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Yes, the hardware backdoor has the very real prospect of being the Big Off Switch for military equipment.

But I think simply shutting down your adversary's economy is a lot more powerful.  Imagine if every server in every server farm just shut down one day.  Or - every server just wiped its own disk, and THEN it shut down.

Got Cash?

Heck.  Got Food?

Interesting tidbit.  In Powell's NPR interview, he suggested that a cyberattack might be the cause of the next crisis.  Just as an "oh by the way."

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More hacks

At this year's Embedded Systems Conference, there was a session on reverse engineering. There is video recording of the session on YouTube:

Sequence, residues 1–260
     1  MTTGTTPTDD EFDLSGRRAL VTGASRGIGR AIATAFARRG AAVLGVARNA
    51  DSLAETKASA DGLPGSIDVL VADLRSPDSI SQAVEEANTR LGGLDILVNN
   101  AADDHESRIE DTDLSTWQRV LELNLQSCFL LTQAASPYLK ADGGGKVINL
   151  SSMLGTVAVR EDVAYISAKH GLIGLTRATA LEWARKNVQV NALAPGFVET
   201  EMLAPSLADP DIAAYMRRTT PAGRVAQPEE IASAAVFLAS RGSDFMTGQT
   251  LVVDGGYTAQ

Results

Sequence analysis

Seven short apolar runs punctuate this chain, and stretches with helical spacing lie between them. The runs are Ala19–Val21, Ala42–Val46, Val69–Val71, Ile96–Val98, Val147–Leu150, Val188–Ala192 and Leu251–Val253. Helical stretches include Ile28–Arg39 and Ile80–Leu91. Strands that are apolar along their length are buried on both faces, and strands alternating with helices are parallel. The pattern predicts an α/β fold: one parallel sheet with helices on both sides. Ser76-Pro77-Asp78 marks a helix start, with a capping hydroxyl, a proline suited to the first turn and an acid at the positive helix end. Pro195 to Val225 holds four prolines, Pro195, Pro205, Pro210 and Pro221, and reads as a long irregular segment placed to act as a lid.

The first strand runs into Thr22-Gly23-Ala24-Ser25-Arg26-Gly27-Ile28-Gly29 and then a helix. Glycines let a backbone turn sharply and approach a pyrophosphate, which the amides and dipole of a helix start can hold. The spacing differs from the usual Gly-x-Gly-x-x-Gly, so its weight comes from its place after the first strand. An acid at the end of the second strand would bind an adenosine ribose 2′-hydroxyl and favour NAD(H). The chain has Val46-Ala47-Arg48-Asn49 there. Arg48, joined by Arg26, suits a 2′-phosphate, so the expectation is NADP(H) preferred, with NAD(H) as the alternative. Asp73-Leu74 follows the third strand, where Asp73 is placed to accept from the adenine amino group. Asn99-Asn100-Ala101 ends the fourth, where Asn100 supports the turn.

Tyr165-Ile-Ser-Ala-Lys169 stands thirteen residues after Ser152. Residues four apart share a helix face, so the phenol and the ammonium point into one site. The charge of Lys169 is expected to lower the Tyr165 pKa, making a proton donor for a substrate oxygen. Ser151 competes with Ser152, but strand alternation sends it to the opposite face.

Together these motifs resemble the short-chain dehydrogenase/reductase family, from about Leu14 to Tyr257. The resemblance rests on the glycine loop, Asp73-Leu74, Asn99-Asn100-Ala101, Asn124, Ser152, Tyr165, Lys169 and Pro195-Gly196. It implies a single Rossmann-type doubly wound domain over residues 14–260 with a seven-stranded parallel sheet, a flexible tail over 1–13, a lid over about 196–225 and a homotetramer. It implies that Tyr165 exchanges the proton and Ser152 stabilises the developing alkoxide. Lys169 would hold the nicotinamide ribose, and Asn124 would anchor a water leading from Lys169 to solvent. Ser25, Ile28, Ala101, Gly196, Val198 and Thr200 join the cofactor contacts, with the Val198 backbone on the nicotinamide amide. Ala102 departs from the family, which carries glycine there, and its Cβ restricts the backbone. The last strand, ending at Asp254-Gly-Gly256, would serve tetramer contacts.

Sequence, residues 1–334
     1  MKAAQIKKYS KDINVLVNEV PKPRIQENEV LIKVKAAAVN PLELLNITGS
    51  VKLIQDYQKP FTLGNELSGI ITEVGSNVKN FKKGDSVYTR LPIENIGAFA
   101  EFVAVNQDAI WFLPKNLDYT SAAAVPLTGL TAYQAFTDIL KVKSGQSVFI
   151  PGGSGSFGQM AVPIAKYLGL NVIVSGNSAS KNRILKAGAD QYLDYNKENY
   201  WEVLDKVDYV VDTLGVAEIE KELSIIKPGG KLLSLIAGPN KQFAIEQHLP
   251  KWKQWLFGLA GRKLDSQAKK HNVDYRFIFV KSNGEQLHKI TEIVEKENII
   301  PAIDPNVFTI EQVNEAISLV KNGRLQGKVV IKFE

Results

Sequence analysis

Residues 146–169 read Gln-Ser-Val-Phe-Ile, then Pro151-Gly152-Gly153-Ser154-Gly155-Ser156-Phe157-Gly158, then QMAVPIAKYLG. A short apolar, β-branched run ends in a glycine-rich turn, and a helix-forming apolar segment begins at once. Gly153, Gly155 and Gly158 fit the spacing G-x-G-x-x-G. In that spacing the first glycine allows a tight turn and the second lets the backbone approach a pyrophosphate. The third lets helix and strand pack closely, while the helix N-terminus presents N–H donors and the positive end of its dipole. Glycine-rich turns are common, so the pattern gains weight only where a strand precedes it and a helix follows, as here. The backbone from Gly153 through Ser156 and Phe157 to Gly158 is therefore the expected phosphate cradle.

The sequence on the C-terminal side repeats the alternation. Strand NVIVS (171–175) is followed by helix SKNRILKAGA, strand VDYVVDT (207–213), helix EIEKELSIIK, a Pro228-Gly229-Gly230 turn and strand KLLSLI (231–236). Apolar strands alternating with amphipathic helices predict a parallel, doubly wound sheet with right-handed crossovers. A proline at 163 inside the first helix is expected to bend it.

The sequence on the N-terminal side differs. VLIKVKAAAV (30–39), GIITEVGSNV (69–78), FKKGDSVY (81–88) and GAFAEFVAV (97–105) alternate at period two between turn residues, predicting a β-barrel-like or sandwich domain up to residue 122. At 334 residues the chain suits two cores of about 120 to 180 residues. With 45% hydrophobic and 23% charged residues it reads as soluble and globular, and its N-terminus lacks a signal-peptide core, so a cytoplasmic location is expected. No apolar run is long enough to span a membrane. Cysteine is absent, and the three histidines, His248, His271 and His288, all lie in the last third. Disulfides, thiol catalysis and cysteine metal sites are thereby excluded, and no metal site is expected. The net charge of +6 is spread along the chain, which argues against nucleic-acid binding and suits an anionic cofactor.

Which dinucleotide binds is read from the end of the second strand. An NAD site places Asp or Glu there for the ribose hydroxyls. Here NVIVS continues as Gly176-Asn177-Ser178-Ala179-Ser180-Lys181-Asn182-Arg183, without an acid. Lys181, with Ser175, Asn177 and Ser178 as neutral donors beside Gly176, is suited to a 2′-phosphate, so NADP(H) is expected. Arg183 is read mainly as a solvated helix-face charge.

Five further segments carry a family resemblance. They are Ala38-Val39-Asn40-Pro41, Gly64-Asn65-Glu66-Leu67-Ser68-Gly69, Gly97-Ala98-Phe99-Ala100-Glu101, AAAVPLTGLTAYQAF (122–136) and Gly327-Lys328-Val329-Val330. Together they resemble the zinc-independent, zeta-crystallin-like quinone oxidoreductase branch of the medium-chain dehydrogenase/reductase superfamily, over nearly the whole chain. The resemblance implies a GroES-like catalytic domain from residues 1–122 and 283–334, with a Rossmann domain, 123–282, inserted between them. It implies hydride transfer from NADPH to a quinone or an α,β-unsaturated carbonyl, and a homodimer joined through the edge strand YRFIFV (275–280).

Here is a link to the Powerpoint:

The presenter talks about reverse engineering and provides examples of bad actors on slide 4: 6:56-14:00

At 9:43, the presenter shows a chip under a chip that had been discovered

At 11:58, the presenter discusses a system that phones home to China after 6 months

These sound similar to the attacks mentioned in the Bloomberg article.

cmartenson's picture
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Dave - you nailed it
davefairtex wrote:

For anyone who has any doubts about why the US needs to bring manufacturing back to our shores, please read this article about how subcontractors in China have inserted special-purpose hardware components onto motherboards that more or less provide a backdoor for Chinese government hackers to access said computers whenever they want.